It turns out that you and I have much more in common than I thought.
Sure, you may not have been burned in a fire at seventeen or worn a mask for two years while you recovered, but the overwhelming response to my book tells me that we all have masks of our own making.
There are all kinds of things we do to ourselves to make us appear less broken. If they’re not masks, maybe they’re airs we put on to disguise what’s going on under the surface. In the end, our greatest asset may be the pride we take in being broken without letting it break us.
One of the most important ways that I stepped into my confidence was recognizing that no one else shared my worldview. I had gone through a life-changing—no, a harrowing—experience that forever altered my perspective and my face. And when I began to evaluate my career options after I graduated from high school, I had very well-meaning friends and relatives encourage me to pursue a less public-facing profession.
I know their suggestions came from a good place; they wanted to spare me from any unfair judgment I might encounter in a high-profile job. But as I weighed two opportunities I was offered—one very low profile with FEMA and the other an exciting future with Mutual of Omaha where I’d interact with clients every day—it dawned on me that, actually, I owned this decision. It was mine to make.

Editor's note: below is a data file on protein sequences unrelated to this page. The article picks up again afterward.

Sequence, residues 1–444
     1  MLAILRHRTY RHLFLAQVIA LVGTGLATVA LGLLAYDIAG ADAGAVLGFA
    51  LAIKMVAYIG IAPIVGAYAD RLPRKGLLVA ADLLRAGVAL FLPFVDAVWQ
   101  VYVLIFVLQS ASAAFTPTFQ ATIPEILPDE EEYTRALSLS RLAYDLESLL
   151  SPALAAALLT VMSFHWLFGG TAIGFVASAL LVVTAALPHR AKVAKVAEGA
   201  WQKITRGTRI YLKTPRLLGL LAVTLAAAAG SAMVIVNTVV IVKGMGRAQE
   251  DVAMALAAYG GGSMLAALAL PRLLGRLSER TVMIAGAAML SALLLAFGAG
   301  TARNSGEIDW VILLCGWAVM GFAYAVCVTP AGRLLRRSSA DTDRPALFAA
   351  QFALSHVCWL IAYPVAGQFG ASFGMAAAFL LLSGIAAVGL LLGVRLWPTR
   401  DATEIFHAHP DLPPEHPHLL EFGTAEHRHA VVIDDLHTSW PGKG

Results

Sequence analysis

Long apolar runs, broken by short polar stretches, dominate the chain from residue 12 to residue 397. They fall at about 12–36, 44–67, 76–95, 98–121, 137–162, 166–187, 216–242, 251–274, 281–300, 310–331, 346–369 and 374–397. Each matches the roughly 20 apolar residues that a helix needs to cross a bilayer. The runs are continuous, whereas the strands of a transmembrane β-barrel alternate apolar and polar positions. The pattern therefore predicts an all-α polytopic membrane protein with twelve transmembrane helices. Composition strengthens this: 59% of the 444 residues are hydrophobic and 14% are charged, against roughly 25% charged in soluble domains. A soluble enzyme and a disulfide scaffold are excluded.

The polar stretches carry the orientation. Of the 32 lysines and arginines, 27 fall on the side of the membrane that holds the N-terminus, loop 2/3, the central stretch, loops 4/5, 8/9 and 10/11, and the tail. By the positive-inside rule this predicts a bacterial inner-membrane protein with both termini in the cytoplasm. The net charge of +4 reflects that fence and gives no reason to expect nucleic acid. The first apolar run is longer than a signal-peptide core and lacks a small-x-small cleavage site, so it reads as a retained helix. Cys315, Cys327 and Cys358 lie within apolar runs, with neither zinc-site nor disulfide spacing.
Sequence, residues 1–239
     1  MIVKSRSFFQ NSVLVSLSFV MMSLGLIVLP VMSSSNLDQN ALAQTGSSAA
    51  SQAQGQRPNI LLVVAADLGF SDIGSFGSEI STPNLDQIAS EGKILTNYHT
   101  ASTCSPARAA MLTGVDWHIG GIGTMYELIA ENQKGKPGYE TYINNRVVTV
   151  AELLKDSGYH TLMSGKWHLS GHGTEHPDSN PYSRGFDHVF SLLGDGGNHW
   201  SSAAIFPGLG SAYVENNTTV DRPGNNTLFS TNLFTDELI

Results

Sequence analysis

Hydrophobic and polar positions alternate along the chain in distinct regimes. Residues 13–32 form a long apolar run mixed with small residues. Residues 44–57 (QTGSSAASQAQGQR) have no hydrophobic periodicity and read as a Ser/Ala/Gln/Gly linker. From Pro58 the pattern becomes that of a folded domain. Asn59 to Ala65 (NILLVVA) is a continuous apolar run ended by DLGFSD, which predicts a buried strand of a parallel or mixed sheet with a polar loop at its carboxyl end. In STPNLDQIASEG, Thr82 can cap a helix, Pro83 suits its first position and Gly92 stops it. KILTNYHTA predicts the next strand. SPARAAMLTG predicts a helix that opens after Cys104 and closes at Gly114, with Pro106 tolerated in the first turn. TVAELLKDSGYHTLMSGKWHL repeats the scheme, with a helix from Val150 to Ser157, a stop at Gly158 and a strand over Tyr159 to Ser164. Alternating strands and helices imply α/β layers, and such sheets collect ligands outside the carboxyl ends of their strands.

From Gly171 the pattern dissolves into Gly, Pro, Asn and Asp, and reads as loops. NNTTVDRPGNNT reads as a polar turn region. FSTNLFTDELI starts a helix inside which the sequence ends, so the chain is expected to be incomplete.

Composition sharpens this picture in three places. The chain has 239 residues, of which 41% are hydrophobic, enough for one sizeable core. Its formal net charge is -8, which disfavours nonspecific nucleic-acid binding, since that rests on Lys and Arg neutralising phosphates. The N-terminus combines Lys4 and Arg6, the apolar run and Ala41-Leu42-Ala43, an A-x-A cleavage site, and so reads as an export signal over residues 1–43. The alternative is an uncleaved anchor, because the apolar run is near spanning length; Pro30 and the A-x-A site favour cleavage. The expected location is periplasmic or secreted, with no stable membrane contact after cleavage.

How could I let others tell me what my limitations were simply because I looked different after the fire? This realization was incredibly liberating because I began to reclaim my decisions about the career I chose and the life I led. It was a huge step toward moving away from the emotional mask that lingered after my recovery and obscured my potential.
For those of you who want to explore how these masks come off and how you can start living your best life, stay tuned. I’ll explore more aha moments and memories that may be hard to read at times, but my goal is to help you unravel what might be tangled in your own life.
Together, we can take these lessons that I literally walked through fire to discover and look at how they might be of value to you. We’re all at different places in our lives, but one thing remains true: Creating a life worth living is always unfinished business.